But if you are the type of reader who prefers a story with all the T's crossed and I's dotteded then this book certinatly is not for you. After all of the emotional and mental time invested into discovering the truth behind the novel, Pynchon gives the reader a nice slap in the face in the end by revealing nothing. You are left to ponder, along with the characters, how much of what you read was true and how much was just the product of paranoia. There is so much that could be read into this brief novel that I could probably take years to write and interpret the different meanings that Pynchon intended for us to end with. But if you look just carefully enough start to realize that the real lesson of this book is in fact to do just the opposite. Pynchon has created this beautiful and compelling story, all of the sake of a good book. He does not want you to read to much into it, for exactly that reason.
"You could fall In love with me, you can talk to my shrink, you can hide a tape recorder in my bedroom, see what I talk about from wherever I am when I sleep. You want to do that? You can put together clues, develop a thesis, or several, about why characters reacted to the Tyrstero possibility the way they did, why the assassins came on, why the black costumes You could waste your life that way and never touch the truth. Wharfinger supplied words and a yarn. I gave them life. That’s it. "
Pynchon only wants you to enjoy this book for the sake of the book, and that is my best advice to you. Take this book and all of the mystery that comes with it at face value, or you will loose yourself in the complex web of secrecy and conspiracy. Pychon's writing is beautiful and provocative and is worth a 2nd or 3rd read to truly grasp its poetic nature. All in all if you are looking for a good challenge, or at least a way to ease yourself in to this master's works, start with The Crying of Lot 49, you won't be disappointed.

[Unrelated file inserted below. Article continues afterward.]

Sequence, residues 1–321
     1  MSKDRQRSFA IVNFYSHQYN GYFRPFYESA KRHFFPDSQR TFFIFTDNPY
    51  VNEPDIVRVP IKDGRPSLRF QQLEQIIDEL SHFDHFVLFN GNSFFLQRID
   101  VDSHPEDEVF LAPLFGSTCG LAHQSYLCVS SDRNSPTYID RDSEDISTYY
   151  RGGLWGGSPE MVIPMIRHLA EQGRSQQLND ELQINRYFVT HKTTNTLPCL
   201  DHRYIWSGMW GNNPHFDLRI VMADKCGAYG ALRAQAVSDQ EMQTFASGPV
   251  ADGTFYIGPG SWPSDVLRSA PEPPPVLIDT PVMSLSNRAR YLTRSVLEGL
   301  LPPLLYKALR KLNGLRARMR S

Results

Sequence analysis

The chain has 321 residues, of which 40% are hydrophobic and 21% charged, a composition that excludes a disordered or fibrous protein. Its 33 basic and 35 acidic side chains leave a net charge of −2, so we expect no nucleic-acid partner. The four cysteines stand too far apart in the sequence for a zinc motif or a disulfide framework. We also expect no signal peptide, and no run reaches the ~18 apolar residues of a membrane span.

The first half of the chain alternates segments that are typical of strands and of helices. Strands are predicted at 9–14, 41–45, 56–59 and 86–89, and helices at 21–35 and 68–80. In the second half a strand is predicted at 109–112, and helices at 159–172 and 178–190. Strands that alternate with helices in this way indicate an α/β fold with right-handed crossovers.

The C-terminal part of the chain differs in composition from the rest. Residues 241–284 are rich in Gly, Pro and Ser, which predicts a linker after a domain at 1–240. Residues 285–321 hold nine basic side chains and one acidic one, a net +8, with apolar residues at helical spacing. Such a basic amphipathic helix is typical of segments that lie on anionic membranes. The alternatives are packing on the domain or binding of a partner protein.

-mischief managed-


  1. This book is on my list of goals...I hope it ends up being one I can stomach.

  2. Hmmmm I can't decide how I feel about this one.

    Hope you feel better soon!

  3. Amazing review :) It sounds good to me. I can't believe you write so well when you feel sick...pretty amazing! You rock, girl :D
    I hope you feel better really soon!

  4. Thanks Chic!! It's only when my fever is up that I start to get kind of loopy haha.

  5. Eeep! Get well soon!

    I haven't read this yet, but it's on the list for this year and I'm really looking forward to it. I loved your review.

  6. Thanks glad you enjoyed it! It is a fun but indepth read. Make sure you are nice and settled in when you tackle it.

  7. This is on my list of books waiting to be read, having read V. Reading Thomas Pynchon's like entering a dreamscape, it appears to make sense as you go along with it but talk to someone else about it & it comes apart, then you're left with fragments & half remembered dialogue. liked your review